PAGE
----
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Repulsive Charge Dynamics

  1. Sep 6, 2013 #1

    I've been toying with a thought experiment, and I was wondering if it had any basis in reality. Is it possible to confine like-charged particles (e.g., primarily positive or primarily negative) to a particular space? After doing some searching, I stumbled upon "non-neutral plasmas", which seem to be on the vein of what I'm talking about. But it sounds like it takes quite a bit of force to contain the plasma. Are there any ways of isolating charges of a certain sign without requiring such force?

    If it is indeed possible, would local alternating currents be periodically/randomly produced? The way I understand current is that it is a group of charges moving in a net direction. Is this a correct understanding?

    Thanks for your time,
  2. jcsd
  3. Sep 6, 2013 #2

    Simon Bridge

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    i.e. you can put the charges in a metal.

    Plasmas are very energetic. You need less force if the particles you are confining are less energetic.

    Clasically you could confine a mobile charge by reflecting it of fixed charges ... then it would an alternating current. Yes.

    But I think you need to be more specific about the situation you are thinking of.
    If you want to confine otherwise free charges to a volume of otherwise empty space, then you should look up "electromagnetic bottle" or "magnetic mirror".
  4. Sep 7, 2013 #3
    Ok, so to be more specific, I was wondering why those alternating currents would not be produced indefinitely i.e. be in perpetual motion. It's a rather embarrassing question, but it's been nagging at me for some time...Any insights would be much appreciated.
  5. Sep 7, 2013 #4


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  6. Sep 7, 2013 #5
    Very interesting, vanhees, that's similar to the kind of idea I was talking about. Why wouldn't such a system indefinitely produce current?
  7. Sep 8, 2013 #6

    Simon Bridge

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    Take a simple case of a positive charge constrained to move in a line between two fixed positive charges.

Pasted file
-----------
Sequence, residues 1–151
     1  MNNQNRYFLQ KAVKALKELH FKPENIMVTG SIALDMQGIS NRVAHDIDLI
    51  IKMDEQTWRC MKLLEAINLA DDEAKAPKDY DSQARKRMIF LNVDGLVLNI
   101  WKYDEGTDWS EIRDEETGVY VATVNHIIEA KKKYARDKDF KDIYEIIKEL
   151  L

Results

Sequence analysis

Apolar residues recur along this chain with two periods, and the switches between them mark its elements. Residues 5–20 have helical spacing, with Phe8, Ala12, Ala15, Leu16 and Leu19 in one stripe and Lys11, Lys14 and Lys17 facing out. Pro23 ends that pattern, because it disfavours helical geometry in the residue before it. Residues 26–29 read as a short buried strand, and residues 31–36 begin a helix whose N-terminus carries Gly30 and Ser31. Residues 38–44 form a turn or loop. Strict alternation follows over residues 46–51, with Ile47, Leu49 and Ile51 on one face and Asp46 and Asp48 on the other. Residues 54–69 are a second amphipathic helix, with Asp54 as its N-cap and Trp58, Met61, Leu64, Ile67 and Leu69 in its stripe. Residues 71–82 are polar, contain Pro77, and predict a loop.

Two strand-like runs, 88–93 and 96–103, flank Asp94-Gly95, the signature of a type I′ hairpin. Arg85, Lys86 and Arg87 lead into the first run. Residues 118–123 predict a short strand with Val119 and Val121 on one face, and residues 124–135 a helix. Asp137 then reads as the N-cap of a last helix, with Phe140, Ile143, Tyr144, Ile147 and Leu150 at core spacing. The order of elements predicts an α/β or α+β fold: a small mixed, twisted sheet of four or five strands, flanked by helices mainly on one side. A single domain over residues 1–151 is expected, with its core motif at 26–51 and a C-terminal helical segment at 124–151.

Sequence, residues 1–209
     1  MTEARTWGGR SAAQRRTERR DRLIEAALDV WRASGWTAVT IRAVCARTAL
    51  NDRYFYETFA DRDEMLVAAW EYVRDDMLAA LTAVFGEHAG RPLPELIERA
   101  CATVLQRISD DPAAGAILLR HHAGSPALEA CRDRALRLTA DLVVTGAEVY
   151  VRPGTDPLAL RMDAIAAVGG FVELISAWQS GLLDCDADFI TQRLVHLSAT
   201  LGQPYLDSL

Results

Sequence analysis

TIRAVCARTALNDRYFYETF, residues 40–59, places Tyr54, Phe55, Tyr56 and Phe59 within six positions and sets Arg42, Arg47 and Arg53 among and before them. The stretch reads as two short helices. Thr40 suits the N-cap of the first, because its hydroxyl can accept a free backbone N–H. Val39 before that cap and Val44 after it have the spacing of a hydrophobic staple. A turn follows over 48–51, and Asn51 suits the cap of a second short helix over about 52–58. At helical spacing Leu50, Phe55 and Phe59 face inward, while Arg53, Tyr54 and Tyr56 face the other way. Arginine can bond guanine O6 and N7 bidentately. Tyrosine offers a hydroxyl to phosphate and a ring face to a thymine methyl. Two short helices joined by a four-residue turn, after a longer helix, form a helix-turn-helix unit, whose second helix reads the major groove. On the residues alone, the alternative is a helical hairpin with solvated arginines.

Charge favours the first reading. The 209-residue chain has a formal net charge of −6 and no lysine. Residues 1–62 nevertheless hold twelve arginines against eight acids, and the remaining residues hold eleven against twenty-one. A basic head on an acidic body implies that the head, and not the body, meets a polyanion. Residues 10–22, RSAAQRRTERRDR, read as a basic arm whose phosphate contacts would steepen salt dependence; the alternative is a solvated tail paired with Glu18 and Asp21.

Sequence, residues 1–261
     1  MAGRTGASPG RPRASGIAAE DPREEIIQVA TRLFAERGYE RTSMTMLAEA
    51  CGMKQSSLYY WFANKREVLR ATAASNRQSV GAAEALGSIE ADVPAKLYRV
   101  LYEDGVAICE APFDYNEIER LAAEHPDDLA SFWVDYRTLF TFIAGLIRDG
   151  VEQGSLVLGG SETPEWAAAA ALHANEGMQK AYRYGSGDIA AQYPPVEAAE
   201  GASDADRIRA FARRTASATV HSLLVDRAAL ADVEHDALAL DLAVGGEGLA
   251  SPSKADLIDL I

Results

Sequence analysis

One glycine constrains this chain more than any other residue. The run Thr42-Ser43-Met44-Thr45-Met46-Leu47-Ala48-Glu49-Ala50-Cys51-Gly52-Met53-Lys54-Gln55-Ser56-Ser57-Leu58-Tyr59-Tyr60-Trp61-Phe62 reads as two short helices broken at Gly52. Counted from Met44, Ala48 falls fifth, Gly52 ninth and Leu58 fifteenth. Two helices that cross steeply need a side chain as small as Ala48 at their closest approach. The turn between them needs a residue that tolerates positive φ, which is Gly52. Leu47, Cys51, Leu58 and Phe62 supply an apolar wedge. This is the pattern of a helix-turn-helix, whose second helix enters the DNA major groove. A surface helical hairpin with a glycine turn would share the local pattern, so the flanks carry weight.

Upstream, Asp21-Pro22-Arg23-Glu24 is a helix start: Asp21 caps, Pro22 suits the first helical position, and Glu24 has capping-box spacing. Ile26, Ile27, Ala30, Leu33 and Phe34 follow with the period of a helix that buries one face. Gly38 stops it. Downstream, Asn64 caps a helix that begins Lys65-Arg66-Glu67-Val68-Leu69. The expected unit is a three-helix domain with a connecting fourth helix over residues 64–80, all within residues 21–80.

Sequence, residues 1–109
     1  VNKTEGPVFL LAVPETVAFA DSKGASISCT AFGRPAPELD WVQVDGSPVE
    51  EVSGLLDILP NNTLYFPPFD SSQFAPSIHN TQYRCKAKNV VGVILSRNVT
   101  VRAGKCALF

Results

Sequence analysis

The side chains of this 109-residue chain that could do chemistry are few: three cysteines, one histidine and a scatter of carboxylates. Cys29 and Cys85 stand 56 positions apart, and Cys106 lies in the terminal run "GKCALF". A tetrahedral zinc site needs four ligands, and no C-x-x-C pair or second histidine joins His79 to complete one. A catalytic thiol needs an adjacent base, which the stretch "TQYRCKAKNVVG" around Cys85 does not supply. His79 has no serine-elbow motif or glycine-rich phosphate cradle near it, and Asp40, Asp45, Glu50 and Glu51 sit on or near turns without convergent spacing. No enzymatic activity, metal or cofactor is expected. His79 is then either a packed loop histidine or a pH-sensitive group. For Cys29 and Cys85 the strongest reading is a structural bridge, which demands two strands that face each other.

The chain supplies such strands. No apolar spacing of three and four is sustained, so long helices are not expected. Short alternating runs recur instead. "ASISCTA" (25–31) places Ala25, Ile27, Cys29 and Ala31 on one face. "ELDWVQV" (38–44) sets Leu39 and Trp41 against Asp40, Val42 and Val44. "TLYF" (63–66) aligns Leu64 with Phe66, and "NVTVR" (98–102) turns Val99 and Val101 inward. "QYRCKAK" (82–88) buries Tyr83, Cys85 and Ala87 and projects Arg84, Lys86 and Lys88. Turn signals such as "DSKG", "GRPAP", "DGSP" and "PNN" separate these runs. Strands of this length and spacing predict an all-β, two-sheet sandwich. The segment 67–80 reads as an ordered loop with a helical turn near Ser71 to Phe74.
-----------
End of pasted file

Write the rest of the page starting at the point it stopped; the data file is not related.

While the charge is accelerating (to change direction) - what happens?
    Since it accelerates, doesn't that mean that work is being done on it? Where does the energy come from?

    But the main thing is not that the motion cannot be perpetuated, but that you cannot get more energy out than you put in.
  8. Sep 8, 2013 #7
    Ah, Simon, that last statement clarifies what I was wondering. Although I am still curious about the question you raised - where does the energy come from? It takes energy to move the charge into that position, so I guess that's where the potential energy comes from?

    I think where my misunderstanding comes in is how electronics work. So assuming you have a charge moving indefinitely, if you somehow how "hook it up" to a device (a microscopic light bulb, or something), why doesn't that continuous motion power the light bulb? Put another way, why can't the natural motion of electrically charged particles do work?
  9. Sep 8, 2013 #8

    Simon Bridge

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    The light-bulb removes energy from the system - converting it to heat and light.

    Note: Donald Simanek has a bunch of electromagnetic "engines" on his Impossible Devices site.
    If you work through those examples you should gain a better understanding of how this stuff works.
    I still think you need to go one-step-at-a-time through a specific example. The simple bouncing charge should give you an idea. You could also imagine that the charge has a mass m and it falls in a gravitational field, and the floor is positively charged.

    Note: classically, when a charge accelerates (changing direction and/or speed) then it will radiate electromagnetically - losing energy. The exception is in an atom where there are specific energy levels where the electron does not radiate.
  10. Sep 8, 2013 #9
    Oh, excellent. I will take a look at those examples. Much appreciated, Simon.
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